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Genre: Political Science
Author: Carolyn M. Hendriks
Publisher: Oxford University Press
Release: 2020-10-20
File: 208 Pages
ISBN-13: 9780192580986

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Why We Argue (And How We Should): A Guide to Political Disagreement in an Age of Unreason presents an accessible and engaging introduction to the theory of argument, with special emphasis on the way argument works in public political debate. The authors develop a view according to which proper argument is necessary for one’s individual cognitive health; this insight is then expanded to the collective health of one’s society. Proper argumentation, then, is seen to play a central role in a well-functioning democracy. Written in a lively style and filled with examples drawn from the real world of contemporary politics, and questions following each chapter to encourage discussion, Why We Argue (And How We Should) reads like a guide for the participation in, and maintenance of, modern democracy. An excellent student resource for courses in critical thinking, political philosophy, and related fields, Why We Argue (And How We Should) is an important contribution to reasoned debate. What’s New in the Second Edition: Updated examples throughout the book, including examples from the 2016 U.S. election and first years of the Trump presidency; Expanded coverage of dialectical fallacies, including coverage of new types of fallacies and of sites where such fallacies thrive (e.g., cable news, social media); Revised For Further Thought questions and definitions of Key Terms, included at the end of each chapter; The addition of five new chapters: Deep Disagreement Argument by Analogy Argument between the Ads The Owl of Minerva (or weaponizing metalanguage) Argumentative Responsibility and Repair.

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Genre: Philosophy
Author: Scott F. Aikin
Publisher: Routledge
Release: 2018-09-03
File: 218 Pages
ISBN-13: 9781351616232

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In this book, Robert Talisse critically examines the moral and political implications of pluralism, the view that our best moral thinking is indeterminate and that moral conflict is an inescapable feature of the human condition. Through a careful engagement with the work of William James, Isaiah Berlin, John Rawls, and their contemporary followers, Talisse distinguishes two broad types of moral pluralism: metaphysical and epistemic. After arguing that metaphysical pluralism does not offer a compelling account of value and thus cannot ground a viable conception of liberal politics, Talisse proposes and defends a distinctive variety of epistemic pluralism. According to this view, certain value conflicts are at present undecidable rather than intrinsic. Consequently, epistemic pluralism countenances the possibility that further argumentation, enhanced reflection, or the acquisition of more information could yield rational resolutions to the kinds of value conflicts that metaphysical pluralists deem irresolvable as such. Talisse’s epistemic pluralism hence prescribes a politics in which deep value conflicts are to be addressed by ongoing argumentation and free engagement among citizens; the epistemic pluralist thus sees liberal democracy is the proper political response to ongoing moral disagreement.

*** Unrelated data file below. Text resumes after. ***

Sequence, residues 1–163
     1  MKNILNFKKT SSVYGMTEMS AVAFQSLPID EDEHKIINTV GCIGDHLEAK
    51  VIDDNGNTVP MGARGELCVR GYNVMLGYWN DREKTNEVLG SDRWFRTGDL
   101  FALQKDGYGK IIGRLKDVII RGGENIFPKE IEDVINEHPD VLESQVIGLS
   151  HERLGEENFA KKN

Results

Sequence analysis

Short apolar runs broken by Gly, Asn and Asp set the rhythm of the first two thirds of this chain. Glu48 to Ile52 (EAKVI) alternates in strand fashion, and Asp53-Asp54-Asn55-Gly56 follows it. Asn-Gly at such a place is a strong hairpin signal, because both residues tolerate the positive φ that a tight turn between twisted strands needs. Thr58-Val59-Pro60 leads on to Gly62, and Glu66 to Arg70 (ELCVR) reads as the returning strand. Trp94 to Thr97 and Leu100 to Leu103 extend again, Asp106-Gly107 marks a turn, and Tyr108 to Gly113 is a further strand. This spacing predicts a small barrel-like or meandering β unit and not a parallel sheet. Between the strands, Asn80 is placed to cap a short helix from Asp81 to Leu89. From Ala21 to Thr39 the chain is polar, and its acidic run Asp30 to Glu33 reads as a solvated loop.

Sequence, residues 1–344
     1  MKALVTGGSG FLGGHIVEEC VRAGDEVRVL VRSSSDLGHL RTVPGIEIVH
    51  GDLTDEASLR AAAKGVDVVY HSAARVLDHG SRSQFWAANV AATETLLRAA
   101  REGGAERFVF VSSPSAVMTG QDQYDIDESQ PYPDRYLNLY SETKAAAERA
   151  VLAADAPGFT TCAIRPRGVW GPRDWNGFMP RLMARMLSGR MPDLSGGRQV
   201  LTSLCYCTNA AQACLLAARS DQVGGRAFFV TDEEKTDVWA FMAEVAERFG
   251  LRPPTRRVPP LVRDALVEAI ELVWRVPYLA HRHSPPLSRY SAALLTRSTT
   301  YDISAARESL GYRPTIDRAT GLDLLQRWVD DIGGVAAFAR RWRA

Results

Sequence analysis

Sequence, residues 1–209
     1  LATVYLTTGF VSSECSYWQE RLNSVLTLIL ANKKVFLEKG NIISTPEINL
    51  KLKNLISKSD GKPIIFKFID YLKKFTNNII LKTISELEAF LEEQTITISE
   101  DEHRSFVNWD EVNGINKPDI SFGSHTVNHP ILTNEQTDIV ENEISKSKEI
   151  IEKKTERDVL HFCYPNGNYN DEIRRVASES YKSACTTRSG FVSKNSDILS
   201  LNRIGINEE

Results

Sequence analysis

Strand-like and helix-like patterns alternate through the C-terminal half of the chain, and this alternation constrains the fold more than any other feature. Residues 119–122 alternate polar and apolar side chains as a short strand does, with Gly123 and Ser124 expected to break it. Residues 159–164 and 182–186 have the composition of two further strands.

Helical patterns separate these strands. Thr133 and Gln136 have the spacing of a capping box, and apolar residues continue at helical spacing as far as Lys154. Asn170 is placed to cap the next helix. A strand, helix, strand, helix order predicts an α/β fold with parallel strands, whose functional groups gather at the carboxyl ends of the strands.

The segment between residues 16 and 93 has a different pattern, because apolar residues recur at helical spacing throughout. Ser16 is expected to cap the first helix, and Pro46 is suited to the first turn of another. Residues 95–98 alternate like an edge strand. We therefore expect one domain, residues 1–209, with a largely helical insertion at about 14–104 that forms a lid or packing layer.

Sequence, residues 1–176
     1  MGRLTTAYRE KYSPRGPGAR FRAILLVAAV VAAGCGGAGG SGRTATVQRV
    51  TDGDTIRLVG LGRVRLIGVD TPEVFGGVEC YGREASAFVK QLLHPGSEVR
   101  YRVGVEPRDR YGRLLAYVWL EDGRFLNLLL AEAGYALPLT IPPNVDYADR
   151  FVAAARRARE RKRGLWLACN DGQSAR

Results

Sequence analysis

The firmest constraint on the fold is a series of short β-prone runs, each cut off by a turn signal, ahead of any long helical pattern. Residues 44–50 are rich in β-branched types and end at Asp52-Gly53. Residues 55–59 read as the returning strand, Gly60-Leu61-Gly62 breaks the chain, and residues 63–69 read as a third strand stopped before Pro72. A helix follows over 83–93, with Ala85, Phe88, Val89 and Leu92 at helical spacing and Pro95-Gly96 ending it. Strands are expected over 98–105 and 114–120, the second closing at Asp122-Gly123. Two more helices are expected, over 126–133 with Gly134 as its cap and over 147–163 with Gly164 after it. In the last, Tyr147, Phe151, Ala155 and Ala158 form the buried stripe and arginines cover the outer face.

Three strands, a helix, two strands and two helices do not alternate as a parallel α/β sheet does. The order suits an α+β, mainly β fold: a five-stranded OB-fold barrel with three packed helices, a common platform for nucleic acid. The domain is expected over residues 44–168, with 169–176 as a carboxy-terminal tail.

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Genre: Philosophy
Author: Robert Talisse
Publisher: Routledge
Release: 2013-03-01
File: 178 Pages
ISBN-13: 9781136635496

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Turbulent times challenge democratic politics and governance in Western countries. Party systems, in many instances, have failed to produce solutions to vital policy problems, like immigration, state borders, welfare, or environmental issues. While subjective perceptions of macroeconomic outcomes are consistently related to political trust at the micro level, few studies have explored how individuals develop political engagement and identity. New insights are needed from studies focusing on how people become politically active and how political identities develop. Political Identity and Democratic Citizenship in Turbulent Times is a critical scholarly research publication that investigates, discusses, deconstructs, analyzes, and tests the concept of political identity and its evolving role in modern democracy. Moreover, it explores the contours of politics and brings together studies that examine the democratic potential of a diversity of participatory spheres, institutions, and arenas. Highlighting topics such as political culture, consumerism, and welfare states, this book is ideal for politicians, policymakers, government officials, sociologists, historians, academicians, professionals, researchers, and students.

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Genre: Political Science
Author: Kristensen, Niels Noergaard
Publisher: IGI Global
Release: 2020-06-19
File: 333 Pages
ISBN-13: 9781799836780